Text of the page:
With the more liberal size limits on fluke, bag limits have not been much of a problem to fulfill this season. The Manasquan River and Inlet was a hot spot through July and should continue to be a fluke factory into August. Nearshore reefs like the Axel Carlson and Manasquan Reef held plenty of keepers as well as some trophies up to 10 pounds. On those reef sites you will also be able to pull off black sea bass and blackfish to add to the cooler, albeit only 2 sea bass and 1 tog per trip. You can never go wrong with using Gulp baits on drift rigs or bucktails. Speedsters should be running wild all along the nearshore humps and ridges. Spanish macks, bonito, false albies and even king mackerel will be patrolling the tropical temp waters all around the Manasquan Ridge, Axel Carlson Reef and Barnegat Ridge area. Troll with Williamson flash feathers and Clark Spoons at a brisk 5.5 to 8-knot pace. Do not overlook the lobster and sea bass pot hi-flier markers as mahi-mahi and macks will tend to gravitate around the structure as barnacles and marine growth cling to the potlines and attract bait thus, in turn, attracting pelagic fish to feed and stick around. A deftly cast small bucktail tipped with Gulp should be able to trick anything on the pot to come off and strike. Look to the Barnegat Inlet area for the possibility of finding some sheepshead and believe it or not, tarpon! Last year a school of about a dozen tarpon hung out off the south jetty rock tip. Sheepshead should also be hanging in the rocks at Manasquan and Shark River Inlets.
Tuna started showing up in better numbers around the mid-shore ridges and lumps in mid-July. Yellowfin pushed into the 50-mile range and were hitting trolled spreader bars and squid bars. Bluefin were also starting to show up in larger schools in early July and anglers were able to cast topwater poppers and drop metal jigs to hook into tuna. Usually, in August the canyons are lit up not only with tuna, but white and blue marlin, wahoo and mahi-mahi. The Wilmington and Baltimore Canyons were red hot in early July and that action should have moved up into the Toms and Hudson Canyons thick in August. You can’t go wrong trolling Chatter Lures spreader bars in rainbow, zucchini and black/purple colorings at a 5 to 7-knot pace. Look for large schools of mahi-mahi hanging around debris and potlines offshore. Schools can be comprised of certain size class fish like 5 to 10 pounders or even 10 to 15 pounders with an occasional bull hanging in the mix. Live peanut bunker freelined back or a bucktail dropped under the debris allowed to sink 30 to 40 feet then twitched back up will get hit nearly every time. If the tuna and marlin aren’t biting, push inshore to the 400 to 500-foot “flats” to drop heavy weights and big baits like full herring or mackerel down to pull on some golden tilefish that average 10 to 40 pounds.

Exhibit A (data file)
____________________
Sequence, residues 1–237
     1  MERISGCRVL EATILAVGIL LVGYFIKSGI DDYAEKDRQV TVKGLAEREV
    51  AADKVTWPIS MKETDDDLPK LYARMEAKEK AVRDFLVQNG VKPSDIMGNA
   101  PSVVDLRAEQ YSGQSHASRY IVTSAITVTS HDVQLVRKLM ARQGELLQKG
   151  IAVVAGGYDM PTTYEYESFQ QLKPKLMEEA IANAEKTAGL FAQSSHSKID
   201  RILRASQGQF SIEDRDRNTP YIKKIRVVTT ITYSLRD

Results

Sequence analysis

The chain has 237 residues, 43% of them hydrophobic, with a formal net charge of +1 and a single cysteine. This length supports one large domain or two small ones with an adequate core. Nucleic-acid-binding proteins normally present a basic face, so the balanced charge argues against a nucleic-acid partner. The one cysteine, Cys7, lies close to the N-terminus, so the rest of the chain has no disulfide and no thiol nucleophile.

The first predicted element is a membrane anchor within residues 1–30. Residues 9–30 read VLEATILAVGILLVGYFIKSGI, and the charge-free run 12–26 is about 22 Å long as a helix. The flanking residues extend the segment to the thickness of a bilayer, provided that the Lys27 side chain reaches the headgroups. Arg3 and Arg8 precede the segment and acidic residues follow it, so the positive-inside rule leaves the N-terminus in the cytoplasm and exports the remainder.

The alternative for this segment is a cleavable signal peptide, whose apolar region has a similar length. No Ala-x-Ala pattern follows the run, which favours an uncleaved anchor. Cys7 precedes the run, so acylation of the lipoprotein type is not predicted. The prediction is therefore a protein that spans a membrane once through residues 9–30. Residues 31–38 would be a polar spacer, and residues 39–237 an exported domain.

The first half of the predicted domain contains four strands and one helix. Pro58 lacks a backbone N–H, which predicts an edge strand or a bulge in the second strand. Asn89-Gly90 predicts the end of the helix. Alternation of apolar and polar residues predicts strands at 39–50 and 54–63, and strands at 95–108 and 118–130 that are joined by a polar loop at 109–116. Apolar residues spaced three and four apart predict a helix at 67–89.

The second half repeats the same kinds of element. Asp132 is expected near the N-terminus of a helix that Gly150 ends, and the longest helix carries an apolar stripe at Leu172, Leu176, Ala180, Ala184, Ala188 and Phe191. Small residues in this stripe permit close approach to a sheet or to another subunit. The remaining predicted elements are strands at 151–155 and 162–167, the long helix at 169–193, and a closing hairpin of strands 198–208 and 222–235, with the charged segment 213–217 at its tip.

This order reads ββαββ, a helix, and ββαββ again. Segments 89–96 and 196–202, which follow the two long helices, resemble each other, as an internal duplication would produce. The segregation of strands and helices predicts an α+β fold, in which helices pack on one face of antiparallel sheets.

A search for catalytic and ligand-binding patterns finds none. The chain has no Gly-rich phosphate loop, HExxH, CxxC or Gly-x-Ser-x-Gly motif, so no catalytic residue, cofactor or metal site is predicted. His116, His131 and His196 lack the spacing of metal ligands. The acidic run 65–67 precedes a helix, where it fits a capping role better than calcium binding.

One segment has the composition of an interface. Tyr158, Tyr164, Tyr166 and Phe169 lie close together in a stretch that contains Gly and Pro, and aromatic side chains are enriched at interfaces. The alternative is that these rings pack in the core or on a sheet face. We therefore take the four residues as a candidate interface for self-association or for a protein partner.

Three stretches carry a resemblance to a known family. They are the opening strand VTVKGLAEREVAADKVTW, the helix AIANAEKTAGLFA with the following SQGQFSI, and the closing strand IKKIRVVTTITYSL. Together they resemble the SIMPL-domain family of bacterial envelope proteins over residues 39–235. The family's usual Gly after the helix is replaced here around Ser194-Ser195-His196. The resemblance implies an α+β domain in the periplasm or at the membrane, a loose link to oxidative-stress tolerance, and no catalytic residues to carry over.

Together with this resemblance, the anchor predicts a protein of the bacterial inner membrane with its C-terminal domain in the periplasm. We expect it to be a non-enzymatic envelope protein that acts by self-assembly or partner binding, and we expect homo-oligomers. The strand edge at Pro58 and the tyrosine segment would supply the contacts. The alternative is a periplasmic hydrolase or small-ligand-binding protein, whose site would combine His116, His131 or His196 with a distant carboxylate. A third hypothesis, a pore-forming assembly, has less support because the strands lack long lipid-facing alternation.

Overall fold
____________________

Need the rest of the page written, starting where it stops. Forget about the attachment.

If there’s any month that puts Jersey in a new light, it’s August. With tropical temps throughout the month, there’s literally no telling what species can be pushed into our waters. From cobia to sheepshead to king mackerel and even tarpon! You never know what to expect. Enjoy the salt!